Edmonia Lewis, America’s first Black sculptor, featured on U.S. postage stamp

Lewis is included in the USPS' long-running "Black Heritage" series, honoring American innovators of color.

Edmonia Lewis was a groundbreaking sculptor whose work made a major impression both in America and overseas. Now, she is being immortalized on a United States postage stamp, as reported by Art News.

“As the public continues to discover the beautiful subtleties of Lewis’s work, scholars will further interpret her role in American art and the ways she explored, affirmed, or de-emphasized her complex cultural identity to meet or expand the artistic expectations of her day,” the United States Postal Service (USPS) said in a statement.

Lewis, born of Haitian and Ojibwe descent in the 1840s, is regarded as one of the first artists of her field in North America and Europe to have success. While much of her work has been lost to history, the most prominent of her elegant marble sculptures is Death of Cleopatra, depicting the moments following Cleopatra’s suicide. Carved from 3,000 pounds of Carrara marble, it is currently owned by the Smithsonian American Art Museum in Washington D.C.

Edmonia Lewis Stamp (Credit: USPS)

Regarded as America’s first professional African-American sculptor, Lewis was raised on by her mother’s nomadic tribe after being orphaned before the age of five, according to the Smithsonian American Art Museum. She attended Oberlin College from 1859 to 1863. However, she wasn’t allowed to finish after being accused of poisoning her two white roommates and also accused of stealing art supplies. She would be acquitted of the poisoning charge.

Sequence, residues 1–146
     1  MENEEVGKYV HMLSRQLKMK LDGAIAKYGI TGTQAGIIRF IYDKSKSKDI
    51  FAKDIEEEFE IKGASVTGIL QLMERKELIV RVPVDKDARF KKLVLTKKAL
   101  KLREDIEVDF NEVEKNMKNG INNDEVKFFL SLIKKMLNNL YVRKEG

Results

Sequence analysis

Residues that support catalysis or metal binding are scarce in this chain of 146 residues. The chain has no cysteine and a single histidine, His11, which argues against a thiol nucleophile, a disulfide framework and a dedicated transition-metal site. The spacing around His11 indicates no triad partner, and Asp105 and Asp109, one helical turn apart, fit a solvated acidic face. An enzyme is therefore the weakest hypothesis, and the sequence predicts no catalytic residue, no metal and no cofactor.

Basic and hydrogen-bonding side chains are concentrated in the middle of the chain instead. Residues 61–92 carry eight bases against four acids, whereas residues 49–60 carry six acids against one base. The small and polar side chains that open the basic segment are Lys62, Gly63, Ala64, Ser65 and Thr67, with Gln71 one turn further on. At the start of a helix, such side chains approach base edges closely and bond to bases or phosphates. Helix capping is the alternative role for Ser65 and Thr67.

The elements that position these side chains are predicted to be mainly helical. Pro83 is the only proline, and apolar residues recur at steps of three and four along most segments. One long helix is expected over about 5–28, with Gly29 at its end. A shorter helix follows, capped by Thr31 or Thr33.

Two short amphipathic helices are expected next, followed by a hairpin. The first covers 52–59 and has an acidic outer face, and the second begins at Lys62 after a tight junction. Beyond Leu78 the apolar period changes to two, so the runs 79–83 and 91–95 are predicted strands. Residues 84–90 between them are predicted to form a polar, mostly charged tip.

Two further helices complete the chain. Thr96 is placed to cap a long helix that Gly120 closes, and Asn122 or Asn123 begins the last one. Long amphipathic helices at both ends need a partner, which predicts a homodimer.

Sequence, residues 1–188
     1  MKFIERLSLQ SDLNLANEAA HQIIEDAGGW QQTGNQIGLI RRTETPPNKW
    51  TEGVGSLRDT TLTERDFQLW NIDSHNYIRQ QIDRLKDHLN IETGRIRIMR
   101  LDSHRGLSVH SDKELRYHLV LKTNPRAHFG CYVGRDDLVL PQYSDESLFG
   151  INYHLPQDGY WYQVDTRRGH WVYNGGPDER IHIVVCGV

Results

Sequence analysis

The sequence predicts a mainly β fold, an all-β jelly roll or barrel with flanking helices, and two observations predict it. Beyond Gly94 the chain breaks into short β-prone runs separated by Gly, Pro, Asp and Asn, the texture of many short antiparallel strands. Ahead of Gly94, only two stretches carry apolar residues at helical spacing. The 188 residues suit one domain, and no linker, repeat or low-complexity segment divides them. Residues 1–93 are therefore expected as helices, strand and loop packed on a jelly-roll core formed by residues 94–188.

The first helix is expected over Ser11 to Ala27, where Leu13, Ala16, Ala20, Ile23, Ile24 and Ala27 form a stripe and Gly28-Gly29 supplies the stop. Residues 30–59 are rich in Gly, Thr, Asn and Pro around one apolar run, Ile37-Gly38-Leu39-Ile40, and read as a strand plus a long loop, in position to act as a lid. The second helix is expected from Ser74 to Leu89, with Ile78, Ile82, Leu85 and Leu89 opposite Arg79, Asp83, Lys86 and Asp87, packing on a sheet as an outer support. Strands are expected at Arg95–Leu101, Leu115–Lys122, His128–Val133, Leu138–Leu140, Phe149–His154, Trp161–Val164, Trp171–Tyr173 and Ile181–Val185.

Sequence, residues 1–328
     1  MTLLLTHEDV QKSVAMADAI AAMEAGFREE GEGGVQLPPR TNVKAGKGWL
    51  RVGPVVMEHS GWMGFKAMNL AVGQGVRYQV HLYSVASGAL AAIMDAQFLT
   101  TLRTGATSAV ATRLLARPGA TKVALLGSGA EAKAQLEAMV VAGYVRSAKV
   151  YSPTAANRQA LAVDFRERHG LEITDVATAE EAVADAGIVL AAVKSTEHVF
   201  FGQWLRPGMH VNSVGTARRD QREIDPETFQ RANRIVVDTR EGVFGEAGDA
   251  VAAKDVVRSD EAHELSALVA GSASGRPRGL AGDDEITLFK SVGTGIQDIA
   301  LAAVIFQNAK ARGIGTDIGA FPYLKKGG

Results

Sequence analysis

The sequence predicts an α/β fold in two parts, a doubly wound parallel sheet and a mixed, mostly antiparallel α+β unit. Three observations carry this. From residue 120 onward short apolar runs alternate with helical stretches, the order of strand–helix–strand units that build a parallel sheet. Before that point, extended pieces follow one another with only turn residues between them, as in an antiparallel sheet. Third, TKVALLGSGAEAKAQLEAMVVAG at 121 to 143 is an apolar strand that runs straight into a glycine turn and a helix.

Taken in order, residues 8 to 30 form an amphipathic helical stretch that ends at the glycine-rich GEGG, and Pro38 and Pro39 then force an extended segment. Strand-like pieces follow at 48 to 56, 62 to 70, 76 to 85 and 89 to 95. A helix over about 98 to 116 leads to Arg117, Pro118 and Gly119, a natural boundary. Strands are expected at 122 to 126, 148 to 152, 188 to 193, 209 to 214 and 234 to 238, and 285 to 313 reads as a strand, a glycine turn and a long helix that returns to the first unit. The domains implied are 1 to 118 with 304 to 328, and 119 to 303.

Lewis found her way to Boston, where she would begin honing her craft as a sculptor. In 1865, she moved to Europe, eventually settling in Rome, where she continued to train as a sculptor. Early on, she developed a specialty in crafting busts of abolitionists, such as William Lloyd Garrison, Charles Sumner and John Brown.

In later years, much of her art was inspired by works of poetry she admired. One such poem, The Song of Hiawatha by Henry Wadsworth Longfellow, led her to sculpt her Hiawatha and Minnehaha series. Her sculpture Marriage of Hiawatha and Minnehaha is among the only surviving pieces of the series.

The image of Lewis used for the USPS stamp is based on a portrait of her by Augustus Marshall, taken sometime between 1864 and 1871. The USPS has put Lewis’ face on a stamp as part of their “Black Heritage” series. The series has honored numerous innovators of the African Diaspora since first being initiated in 1978, starting with Harriet Tubman.

Since that time, additions to the Black Heritage stamp series has included Jackie Robinson, Scott Joplin, Ida B. Wells and Shirley Chisholm. Prior to Lewis, the most recent Black Heritage stamp featured the face of playwright August Wilson in January 2021.

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